The global retreat and thinning of mountain glaciers and ice sheet margins is a well-documented consequence of recent climate changes, impacting both downstream hydrology and freshwater availability and eustatic sea-level rise. Alongside recent reductions in ice volume, proglacial lakes observed at the termini of many glaciers have increased in both number and areal extent (Shugar et al., 2020) as glacier overdeepenings become ice-free and fill with meltwater. The size and number of such lakes is projected to increase in future (Schomacker, 2010).
The presence of an ice-marginal lake has been observed to change the dynamics and behaviour of a glacier (e.g. Baurley et al., 2020) via a number of thermo-mechanical processes and positive feedbacks. While calving fluxes are mostly a function of ice velocity, the retreat of a glacier margin into progressively deeper water alters the longitudinal stress distribution of a glacier. Moreover, the lake itself can decouple glacier mass loss from climate forcing as heat absorption by the lake and seasonal fluctuations in water temperature, depth and circulation patterns influence the calving regime (Watson et al., 2020).
Remote sensing data indicates that the flow velocity and retreat of lake-terminating glaciers is substantially faster than nearby land-terminating glaciers (e.g. Kirkbride and Warren, 1997; Baurley et al., 2020). These changes provide an insight into ablation mechanisms at a local scale that have hitherto been poorly quantified in mass balance and surface energy models because of the difficulty of acquiring data at the necessary temporal and spatial scale. Indeed, despite these important contributions to overall glacier mass loss, there is a paucity of field data documenting and quantifying “frontal ablation” (including calving, subaqueous and subaerial frontal melt) of lake-terminating glaciers and ice sheets.
Advances in field sensors and monitoring/survey techniques, coupled with developments in remote sensing platforms (Taylor et al., 2021) have created a step-change in the quantity, quality and availability of data. Such advances have opened up new opportunities to better understand the rates, controls and mechanisms of glacier frontal ablation at a nested range of space and time scales (e.g. Mallalieu et al., 2020). These data are urgently needed to better represent lake-glacier interactions in numerical models of mountain glacier and ice sheet evolution (Carrivick et al., 2020).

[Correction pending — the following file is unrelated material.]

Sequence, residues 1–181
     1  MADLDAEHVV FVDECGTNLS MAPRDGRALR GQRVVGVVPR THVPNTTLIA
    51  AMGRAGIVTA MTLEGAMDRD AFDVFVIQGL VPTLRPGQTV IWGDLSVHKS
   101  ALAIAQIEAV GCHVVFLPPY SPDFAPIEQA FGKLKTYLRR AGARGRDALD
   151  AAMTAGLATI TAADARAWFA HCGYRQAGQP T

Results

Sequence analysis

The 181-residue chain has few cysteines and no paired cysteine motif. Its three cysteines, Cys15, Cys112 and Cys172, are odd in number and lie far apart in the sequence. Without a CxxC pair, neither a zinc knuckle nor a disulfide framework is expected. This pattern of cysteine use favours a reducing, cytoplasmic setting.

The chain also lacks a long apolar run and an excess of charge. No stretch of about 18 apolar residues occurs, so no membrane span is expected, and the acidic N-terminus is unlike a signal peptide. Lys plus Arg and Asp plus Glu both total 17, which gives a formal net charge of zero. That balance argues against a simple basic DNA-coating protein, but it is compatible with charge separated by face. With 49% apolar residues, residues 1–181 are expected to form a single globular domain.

The aim of this project is to constrain the short-term dynamics of glaciers calving into ice marginal lakes. An array of novel field monitoring techniques will be deployed as part of data acquisition. High resolution, short-term repeat Structure-from-Motion (SfM) glacier surveys will be undertaken from a packraft, boat or Uncrewed Aerial Vehicle (UAV) and differenced to provide information on calving volumes, timing and mechanisms. A weather station, trail cameras and networks of pressure sensors and thermistor strings will provide information on weather and lake conditions.
The final field site(s) will be chosen in discussion with any successful candidate. The project team have an established history and experience of working on these questions at a range of field sites including the Himalayas, West Greenland, Arctic Sweden and New Zealand. Owing to the logistical advantages and number of such proglacial lakes, we anticipate initial fieldwork to be conducted on outlet glaciers of the Vatnajökull Ice Cap, Iceland. Moreover, at this site there is the potential opportunity to examine the impact of large-scale additions of debris onto the glacier surface on the monitored relationships.
(1) To intensely monitor glacier calving processes alongside environmental/lake data collection at one site for a season/year;